OTTAWA — Canada posted a merchandise trade surplus for a second consecutive month in February, the first time that's happened since late 2016.
Statistics Canada said Wednesday the trade surplus for the month was $1 billion, down from a revised surplus of $1.2 billion in January, as both exports and imports fell.
TD Bank economist Omar Abdelrahman said the pullback in exports for February was not surprising following a strong January and unusually strong gains in the volatile aircraft category.
"Similarly, weakness was expected in auto production due to the global shortage in semiconductor chips," Abdelrahman wrote in a report.
However he said the overall outlook for Canadian trade, exports in particular, has brightened in 2021.
"Merchandise exports should remain supported by firm commodity prices/demand, the reopening of economies, and a strengthening economic outlook for Canada's largest trading partner, the U.S.," Abdelrahman wrote.
The February surplus came as total exports fell 2.7 per cent to $49.9 billion in February, after climbing 8.2 per cent in January.
The decrease came as exports of metal and non-metallic mineral products, motor vehicles and parts, and aircraft and other transportation equipment and parts fell.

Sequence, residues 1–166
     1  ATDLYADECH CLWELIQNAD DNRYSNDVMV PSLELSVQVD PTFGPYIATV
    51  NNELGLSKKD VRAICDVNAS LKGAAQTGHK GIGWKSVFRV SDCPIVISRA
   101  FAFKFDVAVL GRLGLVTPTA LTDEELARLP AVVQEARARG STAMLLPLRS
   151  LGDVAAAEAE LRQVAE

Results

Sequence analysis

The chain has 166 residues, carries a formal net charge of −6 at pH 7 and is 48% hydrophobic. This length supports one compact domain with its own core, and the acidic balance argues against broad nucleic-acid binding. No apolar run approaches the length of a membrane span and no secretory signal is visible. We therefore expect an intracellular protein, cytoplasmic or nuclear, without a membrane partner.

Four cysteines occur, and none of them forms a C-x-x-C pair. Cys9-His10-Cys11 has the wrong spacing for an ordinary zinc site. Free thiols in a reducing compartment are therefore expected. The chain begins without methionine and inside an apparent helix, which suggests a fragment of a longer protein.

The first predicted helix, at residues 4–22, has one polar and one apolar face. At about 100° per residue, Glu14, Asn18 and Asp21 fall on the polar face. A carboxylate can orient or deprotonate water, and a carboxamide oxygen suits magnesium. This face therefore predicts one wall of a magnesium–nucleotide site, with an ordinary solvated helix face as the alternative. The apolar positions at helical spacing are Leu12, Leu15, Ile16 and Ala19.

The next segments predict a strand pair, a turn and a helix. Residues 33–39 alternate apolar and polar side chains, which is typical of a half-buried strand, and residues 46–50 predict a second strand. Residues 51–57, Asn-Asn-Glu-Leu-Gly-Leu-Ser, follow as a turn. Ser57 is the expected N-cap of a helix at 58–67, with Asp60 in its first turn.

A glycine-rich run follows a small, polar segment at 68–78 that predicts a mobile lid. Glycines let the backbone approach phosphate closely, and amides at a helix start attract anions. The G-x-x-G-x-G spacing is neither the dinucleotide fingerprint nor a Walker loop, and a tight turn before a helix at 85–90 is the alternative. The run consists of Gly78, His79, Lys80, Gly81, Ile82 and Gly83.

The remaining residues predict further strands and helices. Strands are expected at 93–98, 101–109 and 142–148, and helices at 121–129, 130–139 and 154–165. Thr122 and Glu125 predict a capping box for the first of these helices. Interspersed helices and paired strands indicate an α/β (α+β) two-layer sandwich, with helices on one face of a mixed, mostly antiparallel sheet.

On the other side of the equation, total imports dropped 2.4 per cent in February to $48.8 billion, their lowest level since August 2020.
Imports of motor vehicles and parts fell 7.8 per cent, while energy products dropped 21.4 per cent following a 22.8 per cent increase in January.
In real or volume terms, total exports fell 3.8 per cent, while imports dropped 3.5 per cent.
In a separate report, Statistics Canada said international trade-in-services posted a surplus of $79 million in February compared with a deficit of $236 million in January.
Imports of services fell 4.9 per cent to $9.1 billion and exports of services dropped 1.6 per cent to $9.1 billion.
Canada's trade surplus for goods and services combined was $1.1 billion in February.
This report by The Canadian Press was first published April 7, 2021.
The Canadian Press